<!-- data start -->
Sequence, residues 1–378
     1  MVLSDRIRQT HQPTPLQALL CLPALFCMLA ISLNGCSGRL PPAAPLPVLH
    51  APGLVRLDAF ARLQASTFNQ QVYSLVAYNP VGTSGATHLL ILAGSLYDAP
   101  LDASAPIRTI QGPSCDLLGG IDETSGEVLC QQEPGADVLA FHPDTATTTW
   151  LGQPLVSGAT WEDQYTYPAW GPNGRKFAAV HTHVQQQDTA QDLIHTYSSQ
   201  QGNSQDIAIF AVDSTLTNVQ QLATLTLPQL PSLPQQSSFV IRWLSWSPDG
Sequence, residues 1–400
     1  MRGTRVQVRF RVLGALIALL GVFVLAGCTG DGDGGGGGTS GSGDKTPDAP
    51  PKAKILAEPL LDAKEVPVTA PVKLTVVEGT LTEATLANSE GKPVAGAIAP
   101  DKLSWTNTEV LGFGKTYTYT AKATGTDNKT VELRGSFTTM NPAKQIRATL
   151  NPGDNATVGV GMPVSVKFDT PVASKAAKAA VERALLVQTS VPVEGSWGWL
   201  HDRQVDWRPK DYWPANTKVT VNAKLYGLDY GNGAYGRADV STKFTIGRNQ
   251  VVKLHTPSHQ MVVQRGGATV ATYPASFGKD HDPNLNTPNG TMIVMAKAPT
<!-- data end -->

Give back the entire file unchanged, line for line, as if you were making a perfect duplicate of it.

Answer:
Sequence, residues 1–378
     1  MVLSDRIRQT HQPTPLQALL CLPALFCMLA ISLNGCSGRL PPAAPLPVLH
    51  APGLVRLDAF ARLQASTFNQ QVYSLVAYNP VGTSGATHLL ILAGSLYDAP
   101  LDASAPIRTI QGPSCDLLGG IDETSGEVLC QQEPGADVLA FHPDTATTTW
   151  LGQPLVSGAT WEDQYTYPAW GPNGRKFAAV HTHVQQQDTA QDLIHTYSSQ
   201  QGNSQDIAIF AVDSTLTNVQ QLATLTLPQL PSLPQQSSFV IRWLSWSPDG
Sequence, residues 1–400
     1  MRGTRVQVRF RVLGALIALL GVFVLAGCTG DGDGGGGGTS GSGDKTPDAP
    51  PKAKILAEPL LDAKEVPVTA PVKLTVVEGT LTEATLANSE GKPVAGAIAP
   101  DKLSWTNTEV LGFGKTYTYT AKATGTDNKT VELRGSFTTM NPAKQIRATL
   151  NPGDNATVGV GMPVSVKFDT PVASKAAKAA VERALLVQTS VPVEGSWGWL
   201  HDRQVDWRPK DYWPANTKVT VNAKLYGLDY GNGAYGRADV STKFTIGRNQ
   251  VVKLHTPSHQ MVVQRGGATV ATYPASFGKD HDPNLNTPNG TMIVMAKAPT